This included sometimes taking a hardline approach, particularly with regards teacher absenteeism and late-coming. Towards year-end much had been achieved and a better school-community relationship was also starting to develop. There was a lot for Ramadimedja and her team to be proud of.

I was therefore excited to touch base with her in 2021 as I had expected a continuation of the good work Unfortunately, this was not the case. It seemed that the momentum required for the continuation had been broken by a late start to the school year and other well-being issues that had debilitated staff morale. 

Glass cliff evidence

She was effectively “back to where we started, back to the drawing board”. But, despite the setback, what convinced me of the “glass cliff” that she was experiencing was her response to my suggestion of mediation. She said: “As the principal I must see what I can do first, how I can build bridges, before I bring in others to mediate.” This stuck out for me as possibly a “womanly” thing — the kind of resilience and agency that propels us forward to never give up. 

There is a perception that women contain certain (stereotypical) qualities that make them better able to manoeuvre through tough times, that these qualities serve leadership well in such circumstances. In a study published by Harvard Review, 69% of respondents chose a woman leader when a company was in crisis.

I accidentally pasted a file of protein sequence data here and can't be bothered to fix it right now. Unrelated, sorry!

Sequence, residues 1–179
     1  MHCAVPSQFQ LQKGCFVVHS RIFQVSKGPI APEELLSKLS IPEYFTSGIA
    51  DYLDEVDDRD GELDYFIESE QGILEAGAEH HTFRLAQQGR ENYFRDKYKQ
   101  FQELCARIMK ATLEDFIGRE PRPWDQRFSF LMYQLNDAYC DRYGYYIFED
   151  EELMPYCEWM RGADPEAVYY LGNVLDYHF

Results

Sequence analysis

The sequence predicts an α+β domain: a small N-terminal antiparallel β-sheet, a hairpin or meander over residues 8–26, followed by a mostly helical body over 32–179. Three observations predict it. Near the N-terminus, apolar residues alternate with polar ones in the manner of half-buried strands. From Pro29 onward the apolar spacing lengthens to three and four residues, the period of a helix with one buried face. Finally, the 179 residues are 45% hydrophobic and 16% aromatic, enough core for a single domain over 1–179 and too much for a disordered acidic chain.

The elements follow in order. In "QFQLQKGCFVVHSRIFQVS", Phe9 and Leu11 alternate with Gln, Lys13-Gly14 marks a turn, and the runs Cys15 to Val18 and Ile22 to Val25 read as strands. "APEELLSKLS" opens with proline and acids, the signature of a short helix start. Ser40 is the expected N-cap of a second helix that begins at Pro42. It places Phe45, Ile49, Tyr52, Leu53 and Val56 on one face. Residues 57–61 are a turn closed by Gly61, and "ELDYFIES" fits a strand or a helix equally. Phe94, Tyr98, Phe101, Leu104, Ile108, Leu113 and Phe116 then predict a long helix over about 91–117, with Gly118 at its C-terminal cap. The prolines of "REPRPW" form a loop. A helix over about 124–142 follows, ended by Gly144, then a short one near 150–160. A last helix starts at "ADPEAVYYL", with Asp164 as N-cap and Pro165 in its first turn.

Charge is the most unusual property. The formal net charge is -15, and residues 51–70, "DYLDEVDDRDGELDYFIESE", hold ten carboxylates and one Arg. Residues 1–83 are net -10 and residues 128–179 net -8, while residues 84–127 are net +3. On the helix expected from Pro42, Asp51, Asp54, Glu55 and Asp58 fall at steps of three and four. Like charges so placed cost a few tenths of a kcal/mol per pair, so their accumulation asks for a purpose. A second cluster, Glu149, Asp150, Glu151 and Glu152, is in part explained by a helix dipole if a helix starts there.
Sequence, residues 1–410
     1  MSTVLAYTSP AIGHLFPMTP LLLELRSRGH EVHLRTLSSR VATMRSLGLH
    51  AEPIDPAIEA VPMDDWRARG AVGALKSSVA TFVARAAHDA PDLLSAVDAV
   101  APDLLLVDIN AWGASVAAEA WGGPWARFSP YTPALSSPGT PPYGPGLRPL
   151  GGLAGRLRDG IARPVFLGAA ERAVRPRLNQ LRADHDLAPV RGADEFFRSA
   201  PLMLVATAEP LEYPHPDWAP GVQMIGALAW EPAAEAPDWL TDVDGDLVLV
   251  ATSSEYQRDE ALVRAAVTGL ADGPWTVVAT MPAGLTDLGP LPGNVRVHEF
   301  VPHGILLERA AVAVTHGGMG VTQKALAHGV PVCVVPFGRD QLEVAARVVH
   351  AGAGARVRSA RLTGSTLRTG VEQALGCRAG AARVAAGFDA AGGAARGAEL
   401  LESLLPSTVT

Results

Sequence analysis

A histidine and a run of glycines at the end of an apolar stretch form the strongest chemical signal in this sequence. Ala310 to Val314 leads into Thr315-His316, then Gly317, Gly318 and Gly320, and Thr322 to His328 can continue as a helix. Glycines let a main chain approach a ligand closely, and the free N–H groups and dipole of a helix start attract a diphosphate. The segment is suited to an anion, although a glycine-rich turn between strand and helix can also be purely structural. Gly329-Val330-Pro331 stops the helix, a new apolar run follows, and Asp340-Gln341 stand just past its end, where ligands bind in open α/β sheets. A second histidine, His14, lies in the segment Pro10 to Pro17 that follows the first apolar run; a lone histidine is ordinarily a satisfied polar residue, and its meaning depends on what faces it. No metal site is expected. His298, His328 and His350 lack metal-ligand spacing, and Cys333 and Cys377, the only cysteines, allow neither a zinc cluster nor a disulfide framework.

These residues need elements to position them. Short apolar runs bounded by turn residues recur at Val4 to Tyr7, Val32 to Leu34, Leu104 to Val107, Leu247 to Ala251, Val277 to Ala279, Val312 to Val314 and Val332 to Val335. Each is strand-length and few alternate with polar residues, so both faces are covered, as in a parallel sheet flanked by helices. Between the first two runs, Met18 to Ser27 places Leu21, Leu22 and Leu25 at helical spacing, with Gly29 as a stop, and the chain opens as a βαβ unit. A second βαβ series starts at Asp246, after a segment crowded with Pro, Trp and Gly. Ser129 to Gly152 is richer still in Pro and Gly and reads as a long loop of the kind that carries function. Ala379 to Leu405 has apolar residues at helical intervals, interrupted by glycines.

This also came out strongly in the SWOT analysis we engaged with for Albert Luthuli Primary School to ascertain the way forward. It brings to light several renewed interventions that Ramadimedja together with Moseri Mafafo one of the HODs willing to share in her action leadership will bring to the fore in participatory processes that will serve to strengthen, renew, and forge forward the main agenda — everything in service of learners. 

I took the opportunity to revisit the school’s vision and mission and asked her the fated question: “Do you think this needs to change?” Without hesitation, she answered: “Even though we are not there yet, we are not living up to what the board outside promises, it’s a yardstick, a place where we can definitely go.” 

No one would have blamed her for lowering the bar given the leadership and expertise challenges the school currently faces … but it takes a woman to admit “we are not there yet, but nothing stops us from working towards getting there”. 

One could speculate on the feminine “solutionary” instinct or the internal drive to make things work no matter the circumstances — only time will tell. For now, what makes Ramadimedja the best person for leading Albert Luthuli Primary School is doing what chief executive Anne Mulcahy described when she successfully engineered the turnaround of an almost bankrupt Xerox: “I bled for Xerox and that’s what helped me succeed.”

The views expressed are those of the author and do not reflect the official policy or position of the Mail & Guardian.

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Kathija Yassim
Professor Kathija Yassim works in the department of education leadership and management at the University of Johannesburg